As mentioned in my post The Science Behind Learning a Second Language, learning from exposure is a key element to mastering a second language. Exposure can be found in-person or online. In fact, thanks to FaceTime, Skype, and WhatsApp, it’s never been easier to practice language with a native speaker, even if you live on the other side of the world!
But where to begin?
You can always take a stab in the dark and exchange your contact info with someone you find on a language exchange site, like Conversation Exchange or The Mixxer, or you can pay for a language tutor from one of the following best online language tutoring sites.
The latter choice may be more advantageous, because most online tutors have had some certification or language teaching training, so they may be more skilled at helping you in leaps and bounds.
italki is recommended by Benny, the Irish polygot of Fluent in 3 months. The site offers tutoring in any language and allows you the freedom to choose your teacher, your schedule, and even offers the option to pay-as-you-go. That means you don’t have to pay for so many lessons up front, without testing the waters first.
You have the option to choose either a professional teacher or a “community tutor,” i.e. someone not classically trained in teaching. And because you know your language hurdles best, you can inform your teacher what you need help on, and they will design a personalized curriculum for you.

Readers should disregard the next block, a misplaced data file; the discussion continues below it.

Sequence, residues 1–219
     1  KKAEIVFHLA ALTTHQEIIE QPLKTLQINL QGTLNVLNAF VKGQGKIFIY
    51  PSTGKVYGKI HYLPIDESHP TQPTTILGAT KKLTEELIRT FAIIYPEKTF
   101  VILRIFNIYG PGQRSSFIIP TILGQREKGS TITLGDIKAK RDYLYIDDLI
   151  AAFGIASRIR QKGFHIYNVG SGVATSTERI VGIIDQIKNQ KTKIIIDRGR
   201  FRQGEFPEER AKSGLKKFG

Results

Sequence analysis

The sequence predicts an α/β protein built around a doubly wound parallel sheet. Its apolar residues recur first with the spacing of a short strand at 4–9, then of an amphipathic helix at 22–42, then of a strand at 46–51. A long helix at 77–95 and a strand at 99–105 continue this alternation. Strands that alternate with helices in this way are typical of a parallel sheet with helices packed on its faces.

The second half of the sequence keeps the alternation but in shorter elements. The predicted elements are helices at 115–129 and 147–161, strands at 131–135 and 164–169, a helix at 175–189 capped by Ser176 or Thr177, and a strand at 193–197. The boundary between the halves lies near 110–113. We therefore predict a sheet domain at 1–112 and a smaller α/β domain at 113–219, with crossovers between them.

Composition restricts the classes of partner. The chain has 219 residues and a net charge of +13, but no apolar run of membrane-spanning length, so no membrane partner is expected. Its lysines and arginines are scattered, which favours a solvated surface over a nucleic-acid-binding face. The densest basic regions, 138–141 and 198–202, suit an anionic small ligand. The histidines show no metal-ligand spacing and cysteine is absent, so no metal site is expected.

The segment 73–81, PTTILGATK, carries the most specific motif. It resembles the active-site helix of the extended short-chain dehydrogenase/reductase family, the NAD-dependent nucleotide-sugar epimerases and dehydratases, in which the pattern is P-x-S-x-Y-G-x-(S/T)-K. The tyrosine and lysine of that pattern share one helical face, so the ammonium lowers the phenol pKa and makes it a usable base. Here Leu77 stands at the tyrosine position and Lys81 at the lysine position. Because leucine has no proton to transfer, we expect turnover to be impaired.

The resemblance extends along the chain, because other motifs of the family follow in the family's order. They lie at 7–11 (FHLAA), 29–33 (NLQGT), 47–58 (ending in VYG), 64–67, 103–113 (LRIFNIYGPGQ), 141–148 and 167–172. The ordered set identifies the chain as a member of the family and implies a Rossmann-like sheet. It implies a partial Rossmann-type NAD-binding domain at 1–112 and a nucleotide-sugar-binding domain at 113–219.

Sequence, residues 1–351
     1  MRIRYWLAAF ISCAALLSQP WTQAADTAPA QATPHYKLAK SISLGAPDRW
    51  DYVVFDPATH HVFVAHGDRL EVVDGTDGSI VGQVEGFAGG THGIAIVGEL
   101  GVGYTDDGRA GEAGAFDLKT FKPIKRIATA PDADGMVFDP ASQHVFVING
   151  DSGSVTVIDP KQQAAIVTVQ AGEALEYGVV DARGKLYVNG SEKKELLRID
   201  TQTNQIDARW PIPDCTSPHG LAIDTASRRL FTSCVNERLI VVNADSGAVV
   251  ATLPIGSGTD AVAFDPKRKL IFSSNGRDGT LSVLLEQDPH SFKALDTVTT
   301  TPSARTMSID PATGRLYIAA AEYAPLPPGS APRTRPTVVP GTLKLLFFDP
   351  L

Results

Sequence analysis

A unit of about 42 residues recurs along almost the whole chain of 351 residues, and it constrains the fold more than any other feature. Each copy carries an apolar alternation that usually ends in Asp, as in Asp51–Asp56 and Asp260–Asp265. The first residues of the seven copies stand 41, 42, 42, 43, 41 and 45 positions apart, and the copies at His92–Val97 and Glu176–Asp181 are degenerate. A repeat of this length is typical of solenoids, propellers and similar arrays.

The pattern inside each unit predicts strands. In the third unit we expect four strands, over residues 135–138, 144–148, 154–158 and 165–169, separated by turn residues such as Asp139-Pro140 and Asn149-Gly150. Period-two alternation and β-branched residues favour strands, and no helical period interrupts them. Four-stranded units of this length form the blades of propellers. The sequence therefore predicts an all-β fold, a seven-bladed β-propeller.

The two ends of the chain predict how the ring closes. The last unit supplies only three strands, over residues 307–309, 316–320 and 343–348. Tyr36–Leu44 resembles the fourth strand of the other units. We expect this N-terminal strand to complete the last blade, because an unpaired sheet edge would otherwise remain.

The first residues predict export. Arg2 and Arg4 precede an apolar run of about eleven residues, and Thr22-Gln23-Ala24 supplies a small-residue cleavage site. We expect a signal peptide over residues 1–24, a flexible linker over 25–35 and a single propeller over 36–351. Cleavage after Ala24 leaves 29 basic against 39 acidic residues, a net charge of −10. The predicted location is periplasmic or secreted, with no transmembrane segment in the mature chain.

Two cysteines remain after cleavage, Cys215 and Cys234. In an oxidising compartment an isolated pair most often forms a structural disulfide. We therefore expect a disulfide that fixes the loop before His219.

This site is geared more towards conversational English. The site also provides a user Workspace to allow learners and teachers the ability to upload files and work together, whether it’s on images, language assignments, or simply notes. Teachers also offer their own rates, so you can choose the best teacher that suits your goals and budget.
3) Live Lingua
This “Mom and Pop” operation is more of a traditional language school. Live Lingua offers free online courses and Skype language lessons in the eleven most widely spoken languages: English, Spanish, French, German, Portuguese, Italian, Russian, Arabic, Chinese, Japanese, and Korean. This site is also a great resource for self-learning. You can find the Peace Corps Language Archive here, which contains language-learning materials for more than 100 different languages.
Verbalplanet offers a similar program as italki. Choose the teacher, choose the time, choose the topic, and you can practice any existing language known to man…except maybe Clingon. The site also offers online analytics and teacher feedback, so that learners can see their progress.
Along with helpful language resources, remember that confidence + speaking + making mistakes = learning from exposure. If you practice speaking to a professional native speaker, your language skills are sure to excel much more quickly than simple bookwork.